The same applies for parents of newborns, who are particularly concerned when it comes to leaving the house in the current climate. Newborns are vulnerable due to their young age and newly developing immune systems, yet they do not need to be cocooned in their homes for fear of viral exposure. Common sense prevails, just as it has since Hungarian physician Ignaz Semmelweis first discovered that washing his hands between patients dramatically reduced hospital deaths rates, back in the 19th century.

Teach and practice good hand hygiene and symptom etiquette

Teach and practice good hand hygiene and symptom etiquette, avoid symptomatic people and don’t socialise your children or send them to school/day-care if they have a fever and/or illness symptom. Common sense prevails.

Don’t be afraid to leave the house

Most parents of newborns were not afraid of leaving the house in 2019. They didn’t fear respiratory syncytial virus, rhinovirus or human metapneumovirus. Yet these viruses are common causes ofbronchiolitis, the most frequent cause of hospitalisation for infants under 6 months of age. Almost 15,000 children are admitted to Australian hospitals with bronchiolitis each year, accounting for over half of all admissions for children under the age of 12 months. One of the few positives that arose from this global pandemic has been the virus’ discrimination, largely leaving young children unharmed and asymptomatic. While Covid19 has proven not to bejust another virus,in some ways with children – it can be treated as such. Common sense should prevail.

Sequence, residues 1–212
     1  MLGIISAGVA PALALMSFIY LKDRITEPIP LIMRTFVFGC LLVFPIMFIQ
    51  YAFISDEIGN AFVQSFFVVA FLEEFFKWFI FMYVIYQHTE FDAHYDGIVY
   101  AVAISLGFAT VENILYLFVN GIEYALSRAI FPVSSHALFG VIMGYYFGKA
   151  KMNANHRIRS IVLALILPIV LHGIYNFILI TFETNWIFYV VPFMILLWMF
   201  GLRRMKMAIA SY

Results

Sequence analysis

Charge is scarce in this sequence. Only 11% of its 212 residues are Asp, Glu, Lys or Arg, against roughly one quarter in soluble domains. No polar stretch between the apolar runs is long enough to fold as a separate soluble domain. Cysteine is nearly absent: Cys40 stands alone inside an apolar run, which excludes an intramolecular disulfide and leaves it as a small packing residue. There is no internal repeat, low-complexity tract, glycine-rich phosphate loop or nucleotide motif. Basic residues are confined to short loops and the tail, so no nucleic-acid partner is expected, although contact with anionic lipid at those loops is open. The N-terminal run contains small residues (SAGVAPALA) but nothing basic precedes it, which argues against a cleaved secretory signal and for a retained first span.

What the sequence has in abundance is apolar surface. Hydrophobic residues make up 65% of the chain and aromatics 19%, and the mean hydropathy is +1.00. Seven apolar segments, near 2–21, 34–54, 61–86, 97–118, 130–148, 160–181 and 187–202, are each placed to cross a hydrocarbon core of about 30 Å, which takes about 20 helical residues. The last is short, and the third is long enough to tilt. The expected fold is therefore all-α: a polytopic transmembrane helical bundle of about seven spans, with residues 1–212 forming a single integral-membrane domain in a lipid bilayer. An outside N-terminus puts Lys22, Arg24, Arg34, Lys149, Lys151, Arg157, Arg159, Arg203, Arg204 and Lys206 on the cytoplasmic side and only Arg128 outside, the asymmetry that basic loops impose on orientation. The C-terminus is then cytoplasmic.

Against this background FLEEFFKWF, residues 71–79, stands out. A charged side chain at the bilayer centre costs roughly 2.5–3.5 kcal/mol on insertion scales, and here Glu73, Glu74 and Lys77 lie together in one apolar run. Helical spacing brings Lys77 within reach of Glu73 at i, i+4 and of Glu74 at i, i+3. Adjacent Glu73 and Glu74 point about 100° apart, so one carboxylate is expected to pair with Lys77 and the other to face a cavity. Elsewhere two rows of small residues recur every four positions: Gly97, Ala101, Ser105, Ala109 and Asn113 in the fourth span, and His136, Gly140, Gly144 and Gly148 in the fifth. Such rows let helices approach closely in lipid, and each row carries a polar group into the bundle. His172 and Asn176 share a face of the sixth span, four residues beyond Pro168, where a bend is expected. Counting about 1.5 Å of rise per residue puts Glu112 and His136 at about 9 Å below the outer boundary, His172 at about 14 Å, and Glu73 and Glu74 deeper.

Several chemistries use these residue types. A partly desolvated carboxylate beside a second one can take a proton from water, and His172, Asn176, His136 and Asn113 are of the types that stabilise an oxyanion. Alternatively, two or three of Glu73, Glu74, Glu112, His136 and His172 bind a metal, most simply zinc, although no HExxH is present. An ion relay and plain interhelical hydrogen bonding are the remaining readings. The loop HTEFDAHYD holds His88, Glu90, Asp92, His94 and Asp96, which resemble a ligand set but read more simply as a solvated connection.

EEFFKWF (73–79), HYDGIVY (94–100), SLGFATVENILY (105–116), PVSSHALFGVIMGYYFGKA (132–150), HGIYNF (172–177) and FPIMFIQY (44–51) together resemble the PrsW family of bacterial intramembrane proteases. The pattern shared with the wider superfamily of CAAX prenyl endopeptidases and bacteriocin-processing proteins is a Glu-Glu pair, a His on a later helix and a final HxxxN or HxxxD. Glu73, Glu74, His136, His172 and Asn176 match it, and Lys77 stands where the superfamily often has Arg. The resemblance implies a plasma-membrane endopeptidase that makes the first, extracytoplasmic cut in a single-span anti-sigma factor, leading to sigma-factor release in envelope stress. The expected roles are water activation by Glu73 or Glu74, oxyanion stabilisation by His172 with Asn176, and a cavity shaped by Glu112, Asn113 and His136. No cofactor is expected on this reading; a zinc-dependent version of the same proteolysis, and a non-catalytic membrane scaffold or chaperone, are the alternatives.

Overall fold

If other, less infamous viruses didn’t stop parents from leaving their homes in 2019 – it shouldn’t stop them now. If anything, with universal improvements in microbiological protection, prevalent hand-sanitiser and increased global awareness about infection minimisation, it’s probably safer to leave the house today than it was back then.

A note on vaccinations…

Vaccines are highly topical at the moment and it’s important that we encourage this conversation, without judgment or fear.

Just like we never asked visitors for their vaccination status before allowing them a cuddle with a newborn two years ago, parents should feel completely comfortable allowing family and friends to visit and interact with their baby, provided they are asymptomatic and don’t have unwell primary contacts. If a grandparent or other carer will be spending a large amount of time with your baby, they should receive a whooping cough (pertussis) vaccine booster – if they have not had a booster in the last 10 years – because immunity to pertussis wanes over time, and pertussis is particularly dangerous for young babies.

If you and your family feel strongly about certain vaccines, you have every right to make your own choices. I urge open, courteous conversations with particular focus on a happy, settled baby and recovering mother.